Monday, October 12, 2009

Richard Bolitho: Midshipman - Alexander Kent

"On this particular day in mid-October 1772, Richard Bolitho sat wedged in a corner of one of the long rooms half listening to the babble of voices around him, the clatter of plates and tankards and the hiss of rain against the small windows. The air was heavy with mixed aromas. Food and ale, tobacco and tar, and each time the doors opened to a chorus of curses and complaints the keener tang of salt from the waiting ships."

The year is 1772 and Richard Bolitho is a young midshipman newly assigned to the Gorgon, a seventy-four gunner under orders to sail to Africa's west coast to patrol the area. Britian is at peace but her trade routes are under current threat by pirates. What they encounter involves abandoned ships, an occupied fortress and a chase. While navigating his way through the politics of life aboard ship, Bolitho must avoid the ire of Lieutenant Tregorren who has taken an instant dislike to the young man.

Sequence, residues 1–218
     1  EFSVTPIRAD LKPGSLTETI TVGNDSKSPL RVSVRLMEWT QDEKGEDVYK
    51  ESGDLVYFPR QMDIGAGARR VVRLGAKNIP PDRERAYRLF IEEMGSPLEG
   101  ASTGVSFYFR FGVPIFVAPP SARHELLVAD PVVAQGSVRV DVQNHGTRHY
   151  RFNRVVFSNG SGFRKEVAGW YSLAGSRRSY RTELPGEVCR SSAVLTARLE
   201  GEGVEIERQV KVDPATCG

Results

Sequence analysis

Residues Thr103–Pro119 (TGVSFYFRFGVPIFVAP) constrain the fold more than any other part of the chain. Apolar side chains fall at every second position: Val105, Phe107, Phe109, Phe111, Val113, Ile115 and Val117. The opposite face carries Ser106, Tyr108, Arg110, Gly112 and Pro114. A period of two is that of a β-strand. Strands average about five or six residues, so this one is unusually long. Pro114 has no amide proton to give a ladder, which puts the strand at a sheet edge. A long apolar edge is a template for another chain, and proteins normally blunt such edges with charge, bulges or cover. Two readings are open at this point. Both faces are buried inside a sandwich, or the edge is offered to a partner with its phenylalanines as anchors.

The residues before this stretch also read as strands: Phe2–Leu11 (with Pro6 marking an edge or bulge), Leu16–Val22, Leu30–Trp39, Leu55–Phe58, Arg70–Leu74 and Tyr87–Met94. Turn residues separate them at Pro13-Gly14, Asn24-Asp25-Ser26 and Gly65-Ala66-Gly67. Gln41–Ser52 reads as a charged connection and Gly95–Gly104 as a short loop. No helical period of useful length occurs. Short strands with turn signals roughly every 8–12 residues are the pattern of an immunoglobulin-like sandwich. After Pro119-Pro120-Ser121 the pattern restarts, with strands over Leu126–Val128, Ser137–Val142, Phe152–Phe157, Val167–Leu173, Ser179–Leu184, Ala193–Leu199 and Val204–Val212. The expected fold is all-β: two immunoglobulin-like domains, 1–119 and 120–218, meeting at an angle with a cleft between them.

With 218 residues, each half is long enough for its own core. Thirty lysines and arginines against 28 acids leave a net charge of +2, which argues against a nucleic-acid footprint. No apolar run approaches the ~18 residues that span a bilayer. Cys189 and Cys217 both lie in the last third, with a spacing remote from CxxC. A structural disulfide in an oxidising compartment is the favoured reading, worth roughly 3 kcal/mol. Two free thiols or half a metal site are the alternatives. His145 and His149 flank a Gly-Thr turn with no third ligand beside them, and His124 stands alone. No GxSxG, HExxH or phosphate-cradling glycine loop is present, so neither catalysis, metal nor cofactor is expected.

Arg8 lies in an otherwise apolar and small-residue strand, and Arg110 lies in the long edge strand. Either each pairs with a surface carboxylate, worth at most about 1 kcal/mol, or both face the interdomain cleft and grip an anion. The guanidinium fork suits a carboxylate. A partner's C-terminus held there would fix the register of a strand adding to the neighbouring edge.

This book is a quick read and Kent is able to combine the historical facts of the time with nautical knowledge and good old-fashioned story-telling. This isn't always the case with historical naval fiction. Some authors get bogged down in the details. See my "Master and Commander" review for more information.

Not only is the book entertaining, the writing is also wonderful. "The smells too seemed to rise to meet them. Salt beef and tar, bilge and packed humanity, while all around them the massive hull creaked and groaned like a living thing, the deckhand lanterns spiralling and throwing shapes across the great timbers and seaman alike, as in a vast painting."

My only complaint is the shortness of the book. At only 159 pages it serves as little better than an introduction to a book rather than a full story. But if you like historical naval fiction then I would defitely recommend this series.

Follow Richard in his next naval adventure in Stand into Danger.


celi.a said...

Love the descriptions of the smell of shipboard life. I can almost sense it myself...

Brenton said...

As a new boat owner (I'm new, not the boat), I have been looking around for good naval fiction. This looks perfect.